By locating freedom as a component of State reason within liberal governmentality, Foucault complicates Marxist theories of power and the State. Moreover, the insight that freedom is immanent to power also forces deeper engagement with the dynamics of alienation within the Marxist tradition. Rather than seeing humanity as a distorted condition that denies an essential aspect of its species-being, as articulated in Marx’s humanist formulation of alienation in the 1844 Manuscripts, Foucault sees humanity as a species as a historical invention layered with exclusions. This is one of the reasons that Foucault claimed that ‘actually-existing’ 20th-century communism failed: it never achieved a fully realised mode of governmentality that recognised freedom as a biopolitical category rather than an essential element of alienated-being waiting to be emancipated either through socialist revolution and/or the eventual withering away of the State. This is empowering to the extent that it maintains that alternative forms of biopolitics and governmentality are possible. But it is limiting in that it provides no normative orientation, or ground, from which they could be tethered after the ‘death of man.’ In other words, Foucault doesn’t offer much guidance in realising a posthumanist biopolitics, or what Sylvia Wynter has called a new Human Project. Lastly, Foucault’s analysis denies itself some of the most powerful tools for apprehending biopolitical dynamics and political rule as they exist in constant interplay and tension with capitalism and its distinctive systemic drives, which are neither fictions nor epiphenomena of political reason. For example, extractive capitalism makes pandemics like COVID-19 more likely, which, in turn, translate into massive shifts in biopolitics at the level of the State, economy, society and subjectivity. As other philosophers and social theorists have demonstrated, analysis of biopolitics benefits from pushing Marx beyond Marx, as well as Foucault beyond Foucault.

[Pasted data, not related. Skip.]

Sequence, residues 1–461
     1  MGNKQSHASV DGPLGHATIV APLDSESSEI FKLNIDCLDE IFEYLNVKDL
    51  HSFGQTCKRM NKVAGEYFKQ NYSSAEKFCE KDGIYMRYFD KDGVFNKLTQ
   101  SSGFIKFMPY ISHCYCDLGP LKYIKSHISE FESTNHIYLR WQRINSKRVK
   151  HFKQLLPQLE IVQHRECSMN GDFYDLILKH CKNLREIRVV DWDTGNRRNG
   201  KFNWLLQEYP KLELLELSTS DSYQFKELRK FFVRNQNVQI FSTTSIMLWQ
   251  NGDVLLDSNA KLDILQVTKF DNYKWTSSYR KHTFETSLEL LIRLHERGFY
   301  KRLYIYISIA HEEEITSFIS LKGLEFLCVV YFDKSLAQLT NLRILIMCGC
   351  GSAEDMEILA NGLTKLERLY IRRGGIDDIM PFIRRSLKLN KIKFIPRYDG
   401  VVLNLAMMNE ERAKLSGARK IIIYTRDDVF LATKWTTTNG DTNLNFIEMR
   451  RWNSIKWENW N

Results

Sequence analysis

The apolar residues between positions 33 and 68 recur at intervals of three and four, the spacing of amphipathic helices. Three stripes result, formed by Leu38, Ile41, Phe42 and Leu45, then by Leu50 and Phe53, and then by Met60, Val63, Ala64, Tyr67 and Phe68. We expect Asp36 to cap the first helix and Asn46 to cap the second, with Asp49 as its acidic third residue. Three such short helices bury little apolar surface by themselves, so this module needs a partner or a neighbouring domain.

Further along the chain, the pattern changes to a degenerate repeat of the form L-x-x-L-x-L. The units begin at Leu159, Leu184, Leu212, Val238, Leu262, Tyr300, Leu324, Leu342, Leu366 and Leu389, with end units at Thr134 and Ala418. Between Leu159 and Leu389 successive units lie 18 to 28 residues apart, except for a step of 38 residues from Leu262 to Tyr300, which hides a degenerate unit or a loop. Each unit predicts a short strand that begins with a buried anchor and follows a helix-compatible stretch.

Note: This essay was originally published in Educational Philosophy and Theory.